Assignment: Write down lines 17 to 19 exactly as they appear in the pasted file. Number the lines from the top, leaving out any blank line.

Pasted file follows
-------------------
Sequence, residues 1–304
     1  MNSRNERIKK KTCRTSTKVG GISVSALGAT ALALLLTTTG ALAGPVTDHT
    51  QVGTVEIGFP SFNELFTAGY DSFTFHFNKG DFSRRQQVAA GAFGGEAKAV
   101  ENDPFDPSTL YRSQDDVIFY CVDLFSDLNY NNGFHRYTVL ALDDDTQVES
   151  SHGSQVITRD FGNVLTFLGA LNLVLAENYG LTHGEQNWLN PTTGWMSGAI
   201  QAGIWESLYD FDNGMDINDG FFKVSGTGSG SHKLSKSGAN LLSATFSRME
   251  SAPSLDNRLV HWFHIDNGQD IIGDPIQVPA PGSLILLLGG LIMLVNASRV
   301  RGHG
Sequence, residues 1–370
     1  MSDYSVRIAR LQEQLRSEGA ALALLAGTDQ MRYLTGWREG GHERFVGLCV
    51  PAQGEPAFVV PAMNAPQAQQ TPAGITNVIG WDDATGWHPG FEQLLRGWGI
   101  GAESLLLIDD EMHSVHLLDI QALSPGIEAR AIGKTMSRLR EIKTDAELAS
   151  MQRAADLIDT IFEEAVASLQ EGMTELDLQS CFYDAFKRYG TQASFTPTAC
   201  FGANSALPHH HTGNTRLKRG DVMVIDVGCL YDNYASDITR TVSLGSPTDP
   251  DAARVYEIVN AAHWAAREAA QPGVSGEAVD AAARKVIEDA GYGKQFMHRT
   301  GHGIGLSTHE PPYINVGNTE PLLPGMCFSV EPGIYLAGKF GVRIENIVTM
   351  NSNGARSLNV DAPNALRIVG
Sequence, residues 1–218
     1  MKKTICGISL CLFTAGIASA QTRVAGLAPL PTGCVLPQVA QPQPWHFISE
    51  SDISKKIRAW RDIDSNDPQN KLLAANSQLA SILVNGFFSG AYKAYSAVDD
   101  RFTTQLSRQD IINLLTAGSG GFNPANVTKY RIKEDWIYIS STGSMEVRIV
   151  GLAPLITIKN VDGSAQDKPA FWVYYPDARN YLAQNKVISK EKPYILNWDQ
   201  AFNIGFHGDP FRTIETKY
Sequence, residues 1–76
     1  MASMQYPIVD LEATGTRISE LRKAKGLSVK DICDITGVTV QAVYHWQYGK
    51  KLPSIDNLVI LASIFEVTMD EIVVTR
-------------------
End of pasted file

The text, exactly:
   351  NSNGARSLNV DAPNALRIVG
Sequence, residues 1–218
     1  MKKTICGISL CLFTAGIASA QTRVAGLAPL PTGCVLPQVA QPQPWHFISE